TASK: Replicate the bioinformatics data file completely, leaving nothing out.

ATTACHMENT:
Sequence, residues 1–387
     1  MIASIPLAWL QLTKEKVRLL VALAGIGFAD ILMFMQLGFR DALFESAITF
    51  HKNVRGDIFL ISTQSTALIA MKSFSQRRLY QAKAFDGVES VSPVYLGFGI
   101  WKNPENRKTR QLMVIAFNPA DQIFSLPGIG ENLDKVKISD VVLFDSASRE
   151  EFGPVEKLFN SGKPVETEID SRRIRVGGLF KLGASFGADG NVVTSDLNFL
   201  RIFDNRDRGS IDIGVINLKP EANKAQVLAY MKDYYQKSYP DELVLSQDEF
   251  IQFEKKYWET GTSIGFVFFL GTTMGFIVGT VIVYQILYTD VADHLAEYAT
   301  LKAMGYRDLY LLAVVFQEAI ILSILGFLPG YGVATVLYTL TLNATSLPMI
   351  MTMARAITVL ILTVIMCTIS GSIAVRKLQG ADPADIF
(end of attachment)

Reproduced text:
Sequence, residues 1–387
     1  MIASIPLAWL QLTKEKVRLL VALAGIGFAD ILMFMQLGFR DALFESAITF
    51  HKNVRGDIFL ISTQSTALIA MKSFSQRRLY QAKAFDGVES VSPVYLGFGI
   101  WKNPENRKTR QLMVIAFNPA DQIFSLPGIG ENLDKVKISD VVLFDSASRE
   151  EFGPVEKLFN SGKPVETEID SRRIRVGGLF KLGASFGADG NVVTSDLNFL
   201  RIFDNRDRGS IDIGVINLKP EANKAQVLAY MKDYYQKSYP DELVLSQDEF
   251  IQFEKKYWET GTSIGFVFFL GTTMGFIVGT VIVYQILYTD VADHLAEYAT
   301  LKAMGYRDLY LLAVVFQEAI ILSILGFLPG YGVATVLYTL TLNATSLPMI
   351  MTMARAITVL ILTVIMCTIS GSIAVRKLQG ADPADIF